pros and cons of gen engineering.doc - ECHS10thIntersession

parsimoniouswoowooBiotechnology

Dec 11, 2012 (4 years and 10 months ago)

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Humans
-

Part 1

Article by

Paul Arnold

(16,776 pts
)

Edited & published by
Paul Arnold

(16,776 pts
) on Nov 9, 2009

Related

Guides:

Gene Therapy
Genetic Engineering
Genetic Mutations

The human body is not perfect. Some are created with inherent faults and ot
hers break down before
their time. Science has the potential to make good these problems by altering how humans are made.
This is genetic engineering, and this article looks at the pros and cons of the technology in humans

Definition of Genetic Engineering

This is part one of a two
-
part series. Here I will look at a defintion of
genetic engineering

and the pros
of human genetic engineering. In
part two

the cons and the ethics of human genetic engineering are
discussed.

Before weighing up the pros and cons of genetic engineering in humans, it's worth taking the time to
understand just

what is meant by the idea. Simply put, it's a way of manipulating our genes in such a
way as to make our bodies better. This alteration of a genome could take place in the sperm and egg
cells. This is known as germline gene therapy and would alter the tra
its that a child is born with. The
changes would be inheritable and passed down through the generations. It is currently illegal in many
countries.

The other way to change our genome is to swap our bad genes for good ones
-

in cells other than the
sex cell
s. This is known as somatic cell gene therapy. This is where a functioning gene could be fired
into our bodies on a viral vector to carry out the functions that a faulty gene is unable to. This
technology is permitted, though it has enjoyed a very limited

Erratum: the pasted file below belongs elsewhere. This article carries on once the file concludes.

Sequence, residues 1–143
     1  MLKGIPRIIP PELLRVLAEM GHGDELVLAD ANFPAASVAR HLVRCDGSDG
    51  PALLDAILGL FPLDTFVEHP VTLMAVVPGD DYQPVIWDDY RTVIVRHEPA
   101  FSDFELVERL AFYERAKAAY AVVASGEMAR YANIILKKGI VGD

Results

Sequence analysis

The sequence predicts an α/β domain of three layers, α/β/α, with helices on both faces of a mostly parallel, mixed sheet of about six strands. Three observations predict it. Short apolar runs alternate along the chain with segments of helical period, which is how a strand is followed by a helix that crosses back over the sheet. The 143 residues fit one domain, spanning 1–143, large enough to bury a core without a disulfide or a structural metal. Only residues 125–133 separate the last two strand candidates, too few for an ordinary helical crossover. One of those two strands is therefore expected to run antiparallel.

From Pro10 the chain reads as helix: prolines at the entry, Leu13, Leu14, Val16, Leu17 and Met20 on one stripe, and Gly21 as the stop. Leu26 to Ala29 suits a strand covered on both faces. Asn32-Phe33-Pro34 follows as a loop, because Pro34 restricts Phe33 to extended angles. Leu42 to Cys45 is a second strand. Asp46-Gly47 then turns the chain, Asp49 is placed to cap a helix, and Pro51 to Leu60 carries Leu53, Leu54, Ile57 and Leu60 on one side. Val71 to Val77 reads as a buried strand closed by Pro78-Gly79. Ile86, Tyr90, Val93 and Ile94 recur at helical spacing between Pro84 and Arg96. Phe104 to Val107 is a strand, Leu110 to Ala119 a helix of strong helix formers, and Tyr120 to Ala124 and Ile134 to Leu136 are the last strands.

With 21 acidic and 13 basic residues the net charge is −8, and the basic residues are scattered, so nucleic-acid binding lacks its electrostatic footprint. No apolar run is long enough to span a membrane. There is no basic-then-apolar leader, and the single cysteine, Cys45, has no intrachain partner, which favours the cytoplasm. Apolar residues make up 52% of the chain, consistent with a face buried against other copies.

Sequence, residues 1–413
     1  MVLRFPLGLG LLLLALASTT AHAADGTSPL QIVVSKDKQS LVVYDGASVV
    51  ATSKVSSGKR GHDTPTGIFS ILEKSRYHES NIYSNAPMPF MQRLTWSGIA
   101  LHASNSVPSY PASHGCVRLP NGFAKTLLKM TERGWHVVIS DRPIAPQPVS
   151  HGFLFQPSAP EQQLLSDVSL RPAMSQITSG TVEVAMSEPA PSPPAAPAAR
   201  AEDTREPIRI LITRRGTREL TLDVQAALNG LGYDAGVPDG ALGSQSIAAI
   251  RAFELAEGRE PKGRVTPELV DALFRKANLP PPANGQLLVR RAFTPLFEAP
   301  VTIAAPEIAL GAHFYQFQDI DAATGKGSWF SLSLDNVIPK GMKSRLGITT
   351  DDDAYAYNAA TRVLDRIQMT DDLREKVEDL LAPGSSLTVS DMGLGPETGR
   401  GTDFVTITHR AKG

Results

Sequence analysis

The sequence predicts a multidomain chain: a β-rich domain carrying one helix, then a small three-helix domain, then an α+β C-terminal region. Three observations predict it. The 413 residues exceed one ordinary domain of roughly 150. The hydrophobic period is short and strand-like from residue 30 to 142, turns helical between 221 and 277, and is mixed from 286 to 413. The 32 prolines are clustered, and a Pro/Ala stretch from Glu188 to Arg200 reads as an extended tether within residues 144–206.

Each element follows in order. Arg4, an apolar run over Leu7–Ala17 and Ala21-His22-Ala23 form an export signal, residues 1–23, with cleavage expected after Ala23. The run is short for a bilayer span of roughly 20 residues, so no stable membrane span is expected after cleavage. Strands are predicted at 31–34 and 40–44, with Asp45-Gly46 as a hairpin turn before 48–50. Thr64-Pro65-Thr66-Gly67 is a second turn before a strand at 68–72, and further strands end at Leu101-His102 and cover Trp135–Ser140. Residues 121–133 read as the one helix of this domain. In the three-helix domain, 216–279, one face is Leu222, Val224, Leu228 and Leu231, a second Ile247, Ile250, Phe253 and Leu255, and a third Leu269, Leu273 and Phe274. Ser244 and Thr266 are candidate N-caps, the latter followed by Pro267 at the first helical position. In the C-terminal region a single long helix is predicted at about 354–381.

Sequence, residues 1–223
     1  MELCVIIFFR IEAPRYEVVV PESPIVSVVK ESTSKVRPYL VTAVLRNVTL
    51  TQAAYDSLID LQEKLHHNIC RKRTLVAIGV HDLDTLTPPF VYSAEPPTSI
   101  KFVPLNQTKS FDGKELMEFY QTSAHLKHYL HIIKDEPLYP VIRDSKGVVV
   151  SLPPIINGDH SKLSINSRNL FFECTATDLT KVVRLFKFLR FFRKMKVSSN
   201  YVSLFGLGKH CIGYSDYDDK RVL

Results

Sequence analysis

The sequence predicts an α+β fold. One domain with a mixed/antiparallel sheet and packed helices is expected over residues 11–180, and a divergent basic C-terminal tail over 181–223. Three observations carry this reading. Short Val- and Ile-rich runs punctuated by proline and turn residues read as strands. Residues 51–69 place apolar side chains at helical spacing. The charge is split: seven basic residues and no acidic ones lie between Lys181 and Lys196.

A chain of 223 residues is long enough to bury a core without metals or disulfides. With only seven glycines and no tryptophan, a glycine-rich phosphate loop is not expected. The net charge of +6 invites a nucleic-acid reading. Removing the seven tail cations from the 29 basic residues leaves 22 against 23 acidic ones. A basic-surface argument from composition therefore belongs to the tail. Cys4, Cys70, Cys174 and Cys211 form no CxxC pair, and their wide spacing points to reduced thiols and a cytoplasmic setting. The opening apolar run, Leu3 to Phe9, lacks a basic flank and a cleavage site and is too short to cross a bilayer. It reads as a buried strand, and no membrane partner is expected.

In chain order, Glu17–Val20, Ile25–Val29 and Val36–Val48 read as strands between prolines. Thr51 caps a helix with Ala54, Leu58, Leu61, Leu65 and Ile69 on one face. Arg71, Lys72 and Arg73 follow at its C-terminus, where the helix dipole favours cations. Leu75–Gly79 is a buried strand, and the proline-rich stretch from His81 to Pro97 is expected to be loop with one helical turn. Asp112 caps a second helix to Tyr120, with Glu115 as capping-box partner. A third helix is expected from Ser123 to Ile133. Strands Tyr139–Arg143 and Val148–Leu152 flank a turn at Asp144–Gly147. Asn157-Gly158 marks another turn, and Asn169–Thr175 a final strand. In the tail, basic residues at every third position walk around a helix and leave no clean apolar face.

success rate so far (largely because it is
technically very difficult). Nonetheless, it still holds out a great deal of promise.

Pros of Genetic Engineering in Humans

There are many potential advantages to being able to alter the cells in our bodies geneti
cally.

To make disease a thing of the past

Most people on the planet die of disease or have family members that do. Very few of us will just pop
up to bed one night and gently close our eyes for the last time. Our genomes are not as robust as we
would like

them to be and genetic mutations either directly cause a disease such as Cystic fibrosis, or
they contribute to it greatly i.e. Alzheimer's. Or in the case of some conditions such as the heart disease
Cardiomyopathy,
genetic mutations

can make our bodies more susceptible to attack from viruses or
our own immune system. If the full benefits of gene therapy are ever realised we can replace the dud
genes with correctly fu
nctioning copies.

To extend life spans

Having enjoyed life, most of us want to cling on to it for as long as possible. The genetic engineering
of humans has the potential to greatly increase our life spans. Some estimates reckon that 100
-
150
years could be

the norm. Of course
gene therapy

for a fatal condition will increase the lifespan of the
patient but we're also talking about genetic modifications of healthy people t
o give them a longer life.
Once we fully understand the genetics of ageing it may be possible to slow down or reverse some of
the cellular mechanisms that lead to our decline
-

for example by preventing telomeres at the ends of
chromosomes from shortening.

Telomere shortening is known to contribute to cell senescence.

Better pharmaceuticals

The knowledge gained by working out genetic solutions for the above could help with the design of
better pharmaceutical products that are able to target specifically gen
etic mutations in each individual.


Read more:
http://www.brighthub.com/science/genetics/articles/22210.aspx#ixzz14uJOU300